Do World Bank's Woes Hurt Its Mission? With the resignation of Paul Wolfowitz, the World Bank is once again under scrutiny. Jeffrey Sachs, director of the Earth Institute at Columbia University, offers his views on the bank's future. Is it still relevant in the fight against global poverty?
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Do World Bank's Woes Hurt Its Mission?

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Do World Bank's Woes Hurt Its Mission?

Do World Bank's Woes Hurt Its Mission?

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The ink was hardly dry on World Bank President Paul Wolfowitz' resignation when international development experts began handicapping his potential successors. And while the names in play may be familiar only in particular Washington circles, their various policy priorities are bound to influence efforts to reduce global poverty.

To help us understand the World Bank's role in fighting poverty around the world, we've called Jeffrey Sachs. He is director of the Earth Institute at Columbia University and the author of "The End of Poverty." He joins us from an airport in Vancouver, British Columbia. Thanks so much for being with us.

Mr. JEFFREY SACHS (Director, Earth Institute, Columbia University; Author, "The End of Poverty"): A pleasure to be with you.

ROBERTS: To begin with, what essential role does the World Bank play in fighting global poverty?

Mr. SACHS: The bank was set up to provide finance, money, to help poor countries and originally, the post-World War II countries in disarray to invest their way out of disaster. The reconstruction phase ended decades ago, but unfortunately, the challenge of extreme poverty remains with us today. So the bank's main role is to help the poorest places in the world to make the investments, to get out of poverty.

ROBERTS: And Paul Wolfowitz' tenure was marked particularly by his concentration on fighting corruption. How important is that as a policy goal?

Mr. SACHS: Well, I think his period was basically a failure, but it continues a fairly long stretch of World Bank disarray. The bank is, I think, basically misguided for many, many years in failing to step up to core investments. It went off on many, many different angles - corruption crusades being one of them - rather than focusing on how to get the job done of the basic investments that desperately poor people need so that they will no longer be desperately poor, whether it's in roads, or electricity to reach villages or bed nets and medicines to fight malaria.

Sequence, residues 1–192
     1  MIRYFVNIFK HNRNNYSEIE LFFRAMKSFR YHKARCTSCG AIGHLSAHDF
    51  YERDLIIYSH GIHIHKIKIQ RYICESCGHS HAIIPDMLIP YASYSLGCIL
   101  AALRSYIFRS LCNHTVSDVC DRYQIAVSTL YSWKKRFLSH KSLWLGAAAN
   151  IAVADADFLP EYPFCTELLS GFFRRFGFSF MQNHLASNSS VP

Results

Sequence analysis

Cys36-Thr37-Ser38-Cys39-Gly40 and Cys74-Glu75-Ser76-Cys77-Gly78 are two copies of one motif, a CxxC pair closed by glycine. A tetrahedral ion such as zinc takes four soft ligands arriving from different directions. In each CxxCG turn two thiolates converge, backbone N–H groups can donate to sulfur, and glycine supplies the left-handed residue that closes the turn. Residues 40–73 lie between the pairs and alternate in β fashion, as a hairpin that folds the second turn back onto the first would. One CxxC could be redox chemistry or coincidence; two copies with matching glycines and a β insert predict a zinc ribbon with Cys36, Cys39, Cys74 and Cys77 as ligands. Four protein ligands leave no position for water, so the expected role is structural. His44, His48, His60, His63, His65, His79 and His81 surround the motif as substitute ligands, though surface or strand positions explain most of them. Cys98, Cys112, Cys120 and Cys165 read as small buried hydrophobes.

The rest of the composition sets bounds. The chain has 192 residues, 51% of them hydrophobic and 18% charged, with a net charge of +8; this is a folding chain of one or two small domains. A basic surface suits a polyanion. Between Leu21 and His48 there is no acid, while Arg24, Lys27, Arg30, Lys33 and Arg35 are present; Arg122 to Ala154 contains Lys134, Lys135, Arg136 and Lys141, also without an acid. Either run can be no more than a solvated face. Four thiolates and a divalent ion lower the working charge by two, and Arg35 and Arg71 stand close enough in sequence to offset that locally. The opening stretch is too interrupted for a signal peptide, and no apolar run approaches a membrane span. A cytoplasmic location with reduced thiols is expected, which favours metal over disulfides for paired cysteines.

ROBERTS: So if Wolfowitz' successor veered from the anticorruption priority, that would not break your heart?

Mr. SACHS: Well, I think the key question is whether the World Bank continues simply parroting the ideology of the U.S. to privatize everything it can find to make the poor pay for their health or education, or to try to make roads, power, water, all private sector paying concerns, which is something that might make sense when you're a developed country to an extent, but it makes no sense at all when we're dealing with the world's poorest people.

ROBERTS: Well, then that begs the question whether the World Bank is relevant at all anymore. I mean, during the Wolfowitz brouhaha, there were murmurs from European countries that maybe they'd just bypass the bank and do it on their own. Could that happen?

Mr. SACHS: It will happen progressively if the bank doesn't change direction. The bank is potentially, extremely important. It still has the core need that it had when it was established way back at the end of World War II. But it's not doing a good job. And given the poor job it's doing, it is marginalizing itself. Part of the problem is that one president after another has not been properly trained and experienced in development.

Wolfowitz was an appointment that absolutely never should have been made. It's been one banker after another or one political crony of the president. And the result of all of this is that the bank has really lost direction and has most importantly been ineffective for many, many years.

ROBERTS: Do you think there was a time when they were more effective when they focused on larger capital projects?

Mr. SACHS: There was a time when the bank did better, but there has never been a time when the bank could potentially do as well as it can do right now. The tools - whether to fight hunger or to fight disease or to extend power, to expand infrastructure - are better than ever. So the potential to enable every place in the world stuck in extreme poverty to get out of the poverty trap is as strong as it's ever been.

And if the next bank president knows what he or she is doing, there is a tremendous opportunity to do good. If it's yet another political appointee without the background and experience, the bank will dig itself deeper into irrelevance.

ROBERTS: Jeffrey Sachs is director of the Earth Institute at Columbia University and the author of "The End of Poverty." Thanks so much, go catch your plane.

Mr. SACHS: Yeah, thank you very much. Great to talk to you.

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